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Gyöngyvér Molnár and Attila Pásztor: The Feasibility of Computer-based Measurements Among Lower Primary School Students: The Developmental Level of Year 1 Students’ Keyboarding and Mouse Skills

Despite the increasing and widespread use of technology-based testing even for large-scale assessments, only a few studies have focused on testing very young learners in a computer-based environment (Carson, Gillon, & Boustead, 2011). Administering computer-based tests to young children at the initial stage of formal schooling may raise numerous questions, e.g. regarding pupils’ basic computer skills, such as keyboarding and mouse skills, with regard to the feasibility of the assessment and validity of results (Csapó, Molnár, & Nagy, 2014). This study explores the potential of using online tests in regular educational practice for the assessment of pupils at the beginning of schooling. It investigates the nature of keyboarding and mouse skills and their relevance in educational settings by testing a measurement model composed of three processes: clicking, drag and drop, and typing. It describes the developmental level of keyboarding and mouse skills among Year 1 students, and it defines those operations which are applicable or to be avoided in a test prepared for measuring pupils’ knowledge and skills. The sample for the study was drawn from Year 1 students in Hungarian primary schools (n=6962). The instrument consisted of 44 figural items (=.89). Instructions were given online by a pre-recorded voice. Children had to indicate their answer by using the mouse or keyboard. Testing took place in the computer labs at the participating schools. Results showed that keyboarding and mouse skills were best modelled as a 3-dimensional construct with the three processes of clicking, drag and drop, and typing. Operations based exclusively on single mouse clicks proved to be the easiest to perform. This was followed by items consisting only of typing 1 to 5 numbers or letters. Finally, drag-and-drop operations, especially operations with several small elements, proved to be the hardest, but still possible for most of the pupils. The size and amount of the objects they had to click on or drag and drop influenced the success and difficulty of the particular operation significantly. Every procedure was easier to perform without a time limit. The hypothesized effective enhancement of the basic computer skills is supported by the result that, independent of the required procedure, tasks requiring operations similar to items somewhere previously in the test were significantly easier than items consisting of the same operation appearing for the first time on the test.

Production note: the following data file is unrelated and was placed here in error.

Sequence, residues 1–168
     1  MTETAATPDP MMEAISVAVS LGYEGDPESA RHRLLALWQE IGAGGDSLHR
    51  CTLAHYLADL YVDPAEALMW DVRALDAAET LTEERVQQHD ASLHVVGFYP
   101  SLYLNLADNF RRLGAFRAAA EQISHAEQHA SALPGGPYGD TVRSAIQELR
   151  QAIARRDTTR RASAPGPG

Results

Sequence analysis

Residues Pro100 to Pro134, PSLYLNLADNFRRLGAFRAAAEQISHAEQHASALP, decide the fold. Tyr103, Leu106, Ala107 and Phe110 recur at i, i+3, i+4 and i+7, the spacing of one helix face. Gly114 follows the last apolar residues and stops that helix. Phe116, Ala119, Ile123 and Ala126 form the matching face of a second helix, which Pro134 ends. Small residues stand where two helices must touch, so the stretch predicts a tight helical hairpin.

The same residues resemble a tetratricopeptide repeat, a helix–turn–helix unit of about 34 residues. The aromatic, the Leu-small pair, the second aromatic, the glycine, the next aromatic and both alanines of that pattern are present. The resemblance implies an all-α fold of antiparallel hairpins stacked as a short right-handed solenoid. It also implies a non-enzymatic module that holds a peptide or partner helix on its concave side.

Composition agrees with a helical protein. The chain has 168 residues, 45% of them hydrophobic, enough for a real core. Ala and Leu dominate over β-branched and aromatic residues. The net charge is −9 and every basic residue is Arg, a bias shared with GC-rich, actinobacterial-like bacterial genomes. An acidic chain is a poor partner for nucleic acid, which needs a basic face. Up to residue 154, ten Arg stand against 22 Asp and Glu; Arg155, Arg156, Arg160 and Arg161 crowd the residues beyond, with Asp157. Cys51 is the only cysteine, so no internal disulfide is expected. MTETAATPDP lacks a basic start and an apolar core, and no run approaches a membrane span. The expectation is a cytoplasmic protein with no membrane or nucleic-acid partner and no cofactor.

MAGYAR PEDAGÓGIA 115. Number 3. 239-254. (2015)

Levelezési cím / Address for correspondence: Molnár Gyöngyvér, SZTE Neveléstudományi Intézet, Oktatáselméleti Kutatócsoport, H–6722 Petőfi Sándor sgt. 30–34. Pásztor Attila, MTA-SZTE Képességfejlődés Kutatócsoport, H–6722 Petőfi Sándor sgt. 30–34.


Magyar Tudományos Akadémia